The 2019 Masters got off to a rousing start that perhaps could be heard over in Aiken, South Carolina, some 18 miles to the east. What with Brooks Koepka shooting a sizzling, birdie-only 66 and Bryson DeChambeau tying him, but on a wild ride in which he parred only six holes, and with Phil Mickelson taking third and saying that what didn’t happen may have been more critical than what did happen in his 67 — his best start since 2010, when he won his third green jacket.
For the galleries, a catching of the breath was advisable.
Mickelson had birdied Nos. 2 and 8, then made the turn and immediately dodged a full-fledged disaster. He artfully saved a bogey out of the trees at the 10th and saved another out of the water at the 11th. His point: The bogeys were what did happen, but what didn’t happen? “I made two great bogeys that should have and could have been doubles,” he said. Round-killing, confidence-killing double bogeys. After the close calls, he roared home, birdieing five of the last seven holes — 12, 13, 15, 16 and 18 — for the 67. The Masters book, noting his wizardry and his age — just weeks from 49 — called him Methuselah of the Masters and Merlin the Magician of the Masters.
If the 66s by Koepka and DeChambeau, both seeking their first Masters, came down to a question of degree-of-difficulty, it probably was a coin toss. Koepka, playing in the final group, authored the only bogey-free round of the day. DeChambeau rode the wild wind. Koepka started with one birdie on the front nine, at No. 2, and then on the back five birdies in six holes. First at the 10th, then at the treacherous par-three 12; “…an easy two-putt birdie on 13 … then 14, a nice little putt; … then on 15, blasted it long right of the green and got it up and down.” It was pretty much vintage Koepka, the one who won the U.S. Open in 2017 and 2018, and the 2018 PGA Championship.
“I just enjoy the big stage,” Koepka said. “I enjoy major championships. I mean, that’s what you’re remembered by.”
DeChambeau had a wild ride that started birdie-bogey-birdie from No. 2. He loosened up with birdie-bogey from No. 8, then roared over the last seven holes in six under, going birdie-eagle-bogey from the 12th, then birdieing the last four. And he came within two tap-ins of going two strokes lower.
His eight-iron tee shot at the par-three 16th barely missed being an ace, and at the 18th, his six-iron uphill approach from behind the bunker rolled right to the hole and glanced off the flagstick. Said DeChambeau, ever the physics major out of Stanford: “My terminal velocity was too high.”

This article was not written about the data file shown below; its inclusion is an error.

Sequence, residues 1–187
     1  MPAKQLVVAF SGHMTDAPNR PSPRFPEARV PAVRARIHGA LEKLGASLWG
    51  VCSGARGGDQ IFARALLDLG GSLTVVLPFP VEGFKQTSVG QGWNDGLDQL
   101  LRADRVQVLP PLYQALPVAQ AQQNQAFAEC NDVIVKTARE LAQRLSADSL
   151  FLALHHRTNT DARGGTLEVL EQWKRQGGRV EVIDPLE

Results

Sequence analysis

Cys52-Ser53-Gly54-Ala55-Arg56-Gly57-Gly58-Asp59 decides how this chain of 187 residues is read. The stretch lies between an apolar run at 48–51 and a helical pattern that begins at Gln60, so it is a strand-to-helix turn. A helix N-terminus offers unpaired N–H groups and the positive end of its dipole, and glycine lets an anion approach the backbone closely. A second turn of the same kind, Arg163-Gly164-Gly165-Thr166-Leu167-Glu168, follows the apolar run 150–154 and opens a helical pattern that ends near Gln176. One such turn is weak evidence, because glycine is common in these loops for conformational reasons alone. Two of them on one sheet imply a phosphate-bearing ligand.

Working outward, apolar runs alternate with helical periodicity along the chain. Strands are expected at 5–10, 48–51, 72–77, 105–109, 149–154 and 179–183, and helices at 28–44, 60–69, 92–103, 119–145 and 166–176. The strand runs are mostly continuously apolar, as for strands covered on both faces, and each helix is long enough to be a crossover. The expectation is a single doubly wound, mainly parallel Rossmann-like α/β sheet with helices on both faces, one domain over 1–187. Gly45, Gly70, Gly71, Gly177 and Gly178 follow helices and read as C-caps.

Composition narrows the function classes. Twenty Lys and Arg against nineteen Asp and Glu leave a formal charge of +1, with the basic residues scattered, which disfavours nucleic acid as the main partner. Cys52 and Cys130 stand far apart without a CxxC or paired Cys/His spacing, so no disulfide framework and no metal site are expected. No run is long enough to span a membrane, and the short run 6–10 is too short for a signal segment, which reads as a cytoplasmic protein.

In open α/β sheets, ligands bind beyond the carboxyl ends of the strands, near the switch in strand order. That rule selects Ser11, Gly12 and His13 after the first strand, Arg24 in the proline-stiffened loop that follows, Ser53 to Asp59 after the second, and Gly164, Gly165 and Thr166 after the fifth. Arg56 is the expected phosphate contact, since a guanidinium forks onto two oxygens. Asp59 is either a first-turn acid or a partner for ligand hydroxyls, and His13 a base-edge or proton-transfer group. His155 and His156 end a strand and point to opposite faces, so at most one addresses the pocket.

Most of this happened before Tiger Woods even teed off in the next-to-last threesome with China’s Haotong Li and Spain’s Jon Rahm. Woods shot a halting two-under 70, going birdie-bogey-birdie at Nos. 2, 5 and 9, then birdie-birdie-bogey at 13, 14 and 17.
“I feel like I played well today and I controlled my golf ball all day,” said Woods, whose last Masters was in 2005 and whose last major was the 2008 U.S. Open. “I’ve shot this number and won four coats, so hopefully I can do it again.” The sentiment was laudable but the facts were askew. When he won his last green jacket in 2005, he’d opened with a 74. “The whole idea,” Woods said, “is to try and peak for four times a year. And so I feel like my body’s good and my game’s good, it’s sharp, so just got to go out there and execute.”
Some wry twists opened this 2019 Masters. Rory McIlroy, going for the last leg of his personal career Grand Slam, didn’t quite balance the books. “I made five birdies — that wasn’t the problem,” he said. “I just made too many mistakes.” Meaning six bogeys. He shot 73. Justin Rose was among the favorites because he had returned to No. 1 in the Official Golf World Ranking and also because of his play in recent Masters. He shot 75. “Drove it left the first few holes,” Rose said. “Never really found my rhythm.” Thailand’s Kiradech Aphibarnrat posted a hard-won 69. After a bogey at No. 4, he patiently battled the course for pars. “I’ve been waiting for my first birdie for quite a while,” he said. Then at the par-five 13th, he put a three-iron second from the right rough 16 feet from the cup and made the eagle, a warm-up for birdies at 15 and 16.
Six amateurs got the thrill of playing in the Masters.
South Africa’s Jovan Rebula, an Auburn University standout, on finally being on the first tee at Augusta National: “I mean, it was nerve-racking, for sure,” he said. “The butterflies were going…”
Norway’s Viktor Hovland, by way of Oklahoma State, found a new way of describing the experience. “So it was kind of surreal … I almost had to kind of get out of my own head.”
First-round leaders: Brooks Koepka 66, Bryson DeChambeau 66, Phil Mickelson 67, Dustin Johnson 68, Ian Poulter 68, Kevin Kisner 69, Kiradech Aphibarnrat 69, Justin Harding 69, Adam Scott 69, Jon Rahm 69.